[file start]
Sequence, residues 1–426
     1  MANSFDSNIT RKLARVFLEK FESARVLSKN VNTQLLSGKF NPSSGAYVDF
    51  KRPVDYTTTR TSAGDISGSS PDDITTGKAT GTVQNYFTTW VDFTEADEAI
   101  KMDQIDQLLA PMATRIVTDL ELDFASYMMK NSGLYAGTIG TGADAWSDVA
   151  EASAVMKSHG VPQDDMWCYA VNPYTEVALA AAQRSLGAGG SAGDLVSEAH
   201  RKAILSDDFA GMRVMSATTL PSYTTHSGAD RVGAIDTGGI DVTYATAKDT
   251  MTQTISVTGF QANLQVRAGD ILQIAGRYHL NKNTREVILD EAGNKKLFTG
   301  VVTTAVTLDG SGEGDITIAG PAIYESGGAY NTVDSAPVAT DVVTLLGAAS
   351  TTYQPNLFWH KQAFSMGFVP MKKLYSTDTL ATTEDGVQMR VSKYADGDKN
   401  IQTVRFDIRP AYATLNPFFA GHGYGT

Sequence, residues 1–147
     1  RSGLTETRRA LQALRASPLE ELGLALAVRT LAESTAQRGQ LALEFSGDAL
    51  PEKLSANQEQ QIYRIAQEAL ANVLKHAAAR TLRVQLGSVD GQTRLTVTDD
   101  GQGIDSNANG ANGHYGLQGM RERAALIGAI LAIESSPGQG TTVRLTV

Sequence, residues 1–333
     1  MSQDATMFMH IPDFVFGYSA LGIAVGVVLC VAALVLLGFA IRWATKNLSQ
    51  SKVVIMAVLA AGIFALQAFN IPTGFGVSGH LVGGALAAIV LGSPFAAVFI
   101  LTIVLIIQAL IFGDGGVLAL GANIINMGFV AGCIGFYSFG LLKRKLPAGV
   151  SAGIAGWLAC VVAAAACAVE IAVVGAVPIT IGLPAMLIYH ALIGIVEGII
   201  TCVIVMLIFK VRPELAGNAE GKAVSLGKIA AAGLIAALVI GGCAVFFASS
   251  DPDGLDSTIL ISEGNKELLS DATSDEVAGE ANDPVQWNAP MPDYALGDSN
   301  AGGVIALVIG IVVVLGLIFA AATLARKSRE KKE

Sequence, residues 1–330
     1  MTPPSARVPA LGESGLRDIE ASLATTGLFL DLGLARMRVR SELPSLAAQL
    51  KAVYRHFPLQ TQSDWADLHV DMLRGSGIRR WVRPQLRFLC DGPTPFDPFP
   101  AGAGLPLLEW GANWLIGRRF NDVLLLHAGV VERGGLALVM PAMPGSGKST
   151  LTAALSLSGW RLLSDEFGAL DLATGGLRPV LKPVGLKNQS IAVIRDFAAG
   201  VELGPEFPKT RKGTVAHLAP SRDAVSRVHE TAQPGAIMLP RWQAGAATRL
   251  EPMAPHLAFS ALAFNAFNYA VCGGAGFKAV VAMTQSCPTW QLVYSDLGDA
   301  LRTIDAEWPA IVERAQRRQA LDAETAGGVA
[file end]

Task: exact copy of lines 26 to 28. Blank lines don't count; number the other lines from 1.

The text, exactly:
   101  AGAGLPLLEW GANWLIGRRF NDVLLLHAGV VERGGLALVM PAMPGSGKST
   151  LTAALSLSGW RLLSDEFGAL DLATGGLRPV LKPVGLKNQS IAVIRDFAAG
   201  VELGPEFPKT RKGTVAHLAP SRDAVSRVHE TAQPGAIMLP RWQAGAATRL